Freelancers are in a booming position today. Freelancers can opt for flexible working style and the other party also gains much with respect to cut down on mandatory compliances like Provident Fund (PF), PT (Profession tax) etc. With so many changes happening in freelance fields there were bound to be some changes in existing IT Act. We will see each aspect of freelancing and its tax implications.
What are freelancer’s incomes and how to account for it?
Any freelancer is specialist or subject matter expertise in the field for which he or she render services. So, it is necessary to establish some basis through which the freelancing income can be ascertained. This is why it is important that the freelancer should keep a track for recording the billable hours or if not then the professional receipts.
It is a better and standard practice that the freelancer should maintain basic books of accounts like profit and loss account and balance sheet. Books of accounts are required to be maintained by those freelancers who are not eligible or voluntarily give up presumptive taxation.
The freelancer can either resort cash basis or accrual basis for recognizing and recording the incomes and expenses. Cash basis recording will mean that when any income which is received will be accounted for and every expense which is actually paid for, will be accounted for. However, accrual basis will require that freelancer should recognize the income when it is billed for and expenses to be recognized when they accrue.
Accrual basis is the standard and most accepted accounting approach and since the noncash expenditure like depreciation can only be accounted in accrual accounting approach, it is best to opt for.
Where the freelancer is required to maintain the books of accounts, he or she will be induced to account each money spent. This is because professional income is also accounted and subject to tax only after deduction of admissible expenditure. As per Income Tax law, the following are few examples of admissible expenditure.
Depreciation on office equipment
Depreciation on equipment used in working even if it is at home (only proportionate depreciation will be allowed)
Electricity (proportionate if freelancing is from home)
Traveling expenditure (actual expenditure incurred to reach client destination or any other work related travel expenditure only.) etc.
The important point to be noted is that the admissible expenditure is those which are incurred for freelancing business. If the expenditure is common i.e. incurred for both personal as well as professional purposes, then only proportionate expenditure can be claimed against freelancing income.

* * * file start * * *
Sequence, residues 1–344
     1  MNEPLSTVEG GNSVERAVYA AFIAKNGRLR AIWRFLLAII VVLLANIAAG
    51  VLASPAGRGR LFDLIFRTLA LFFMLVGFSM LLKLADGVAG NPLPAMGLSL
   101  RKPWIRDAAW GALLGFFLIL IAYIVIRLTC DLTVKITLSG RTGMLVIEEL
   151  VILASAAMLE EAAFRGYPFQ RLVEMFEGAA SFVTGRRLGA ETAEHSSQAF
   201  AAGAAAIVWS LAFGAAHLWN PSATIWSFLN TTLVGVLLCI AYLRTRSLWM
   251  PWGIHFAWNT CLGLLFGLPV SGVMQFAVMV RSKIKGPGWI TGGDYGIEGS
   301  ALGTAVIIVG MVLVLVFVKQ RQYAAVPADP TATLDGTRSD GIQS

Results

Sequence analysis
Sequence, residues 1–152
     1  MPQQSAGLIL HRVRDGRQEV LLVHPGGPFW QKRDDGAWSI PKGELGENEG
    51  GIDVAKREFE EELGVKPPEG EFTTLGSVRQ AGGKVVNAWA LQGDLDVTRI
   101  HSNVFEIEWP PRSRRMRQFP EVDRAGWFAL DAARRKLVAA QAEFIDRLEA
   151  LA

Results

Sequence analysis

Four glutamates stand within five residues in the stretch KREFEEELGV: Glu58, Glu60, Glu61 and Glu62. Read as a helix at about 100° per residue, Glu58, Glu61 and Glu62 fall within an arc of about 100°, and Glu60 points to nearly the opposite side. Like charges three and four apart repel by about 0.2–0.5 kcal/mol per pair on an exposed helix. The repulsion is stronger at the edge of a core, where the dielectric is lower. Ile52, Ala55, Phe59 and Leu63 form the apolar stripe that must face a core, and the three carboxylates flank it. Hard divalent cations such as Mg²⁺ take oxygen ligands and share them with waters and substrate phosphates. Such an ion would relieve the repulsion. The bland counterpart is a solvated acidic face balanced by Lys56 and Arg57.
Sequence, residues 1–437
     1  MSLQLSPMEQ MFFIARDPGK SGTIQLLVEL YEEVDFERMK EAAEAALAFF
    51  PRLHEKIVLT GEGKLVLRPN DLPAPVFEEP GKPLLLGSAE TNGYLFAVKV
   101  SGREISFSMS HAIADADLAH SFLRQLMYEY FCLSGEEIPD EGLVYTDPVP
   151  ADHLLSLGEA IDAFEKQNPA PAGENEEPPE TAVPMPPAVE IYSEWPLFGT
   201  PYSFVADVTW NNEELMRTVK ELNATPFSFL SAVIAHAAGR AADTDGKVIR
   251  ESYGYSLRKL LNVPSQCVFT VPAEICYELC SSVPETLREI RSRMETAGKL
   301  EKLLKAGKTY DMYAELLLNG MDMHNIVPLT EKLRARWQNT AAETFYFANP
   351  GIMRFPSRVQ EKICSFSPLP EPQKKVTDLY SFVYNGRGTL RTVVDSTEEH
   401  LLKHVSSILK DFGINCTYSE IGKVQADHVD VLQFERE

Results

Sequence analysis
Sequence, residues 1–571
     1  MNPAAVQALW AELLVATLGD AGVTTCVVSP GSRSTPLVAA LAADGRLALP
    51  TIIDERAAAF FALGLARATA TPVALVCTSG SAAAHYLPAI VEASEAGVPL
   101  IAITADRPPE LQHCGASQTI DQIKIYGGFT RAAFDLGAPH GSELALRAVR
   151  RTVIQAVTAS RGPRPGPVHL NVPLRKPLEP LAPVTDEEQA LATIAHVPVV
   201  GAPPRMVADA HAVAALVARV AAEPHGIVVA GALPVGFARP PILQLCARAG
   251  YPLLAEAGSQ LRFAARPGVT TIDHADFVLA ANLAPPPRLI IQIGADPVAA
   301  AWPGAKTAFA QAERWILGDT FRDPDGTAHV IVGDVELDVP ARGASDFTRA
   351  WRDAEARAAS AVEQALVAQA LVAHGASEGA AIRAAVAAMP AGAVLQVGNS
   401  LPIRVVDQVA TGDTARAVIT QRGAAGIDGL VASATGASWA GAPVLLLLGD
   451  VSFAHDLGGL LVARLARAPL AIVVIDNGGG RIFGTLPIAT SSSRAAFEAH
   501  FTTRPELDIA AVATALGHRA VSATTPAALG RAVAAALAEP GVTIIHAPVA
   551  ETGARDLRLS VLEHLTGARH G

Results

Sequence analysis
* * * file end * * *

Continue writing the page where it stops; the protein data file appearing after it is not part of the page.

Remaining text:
For e.g. A freelancing accounts professional uses rental premises as his office where he resides also. In such case, he needs to check how much rent can be apportioned for expensing out against freelancing income, based on hours used, time of usage etc.
Taxation of Freelancers
There are two ways in which the professional freelancers will be taxed.
One is regular income tax framework where the professional income will be calculated on the basis of income and expenditure recognition and recording. Additionally, the freelancer may voluntarily take up to maintain books of accounts, where
He incurs loss or
Any reason otherwise.
In such case, the net profit derived after deducting expenditure from freelancing income would be taken to Income Tax Computation, where all incomes combined together will be taxed as per following income tax slabs from FY 2017-18 onwards.
|Upto Rs. 250000
Another way is presumptive taxation wherein the professional income will be taxed under Section 44ADA. The Freelancer will not be required to maintain books of accounts where he opts to apply presumptive taxation under section 44ADA. This scheme can only be opted for by the freelancer if gross receipts from the profession or freelancing are earning Rs.50 lakh or less.
Under This scheme, the freelancer is allowed to declare only 50% of his total gross professional receipts as his income from profession. Rest of 50% will be presumed to be his expenditure in this case. Main feature and benefit is that the freelancer need not maintain books of accounts.
However, since presumptive taxation takes into consideration that 50% of receipts is expenditure, no freelancer will be allowed to claim additional expenditure. Also, presumptive taxation does not recognize loss since it considers part of receipts as income. Hence, if the freelancer is in the loss-making scenario, he can not claim and carry forward such business loss under presumptive taxation scheme. In such case, the only available remedy would be to give up presumptive taxation and adhere to regular taxation. Under these circumstances, he would be required to maintain books of accounts for substantiating loss from freelancing business.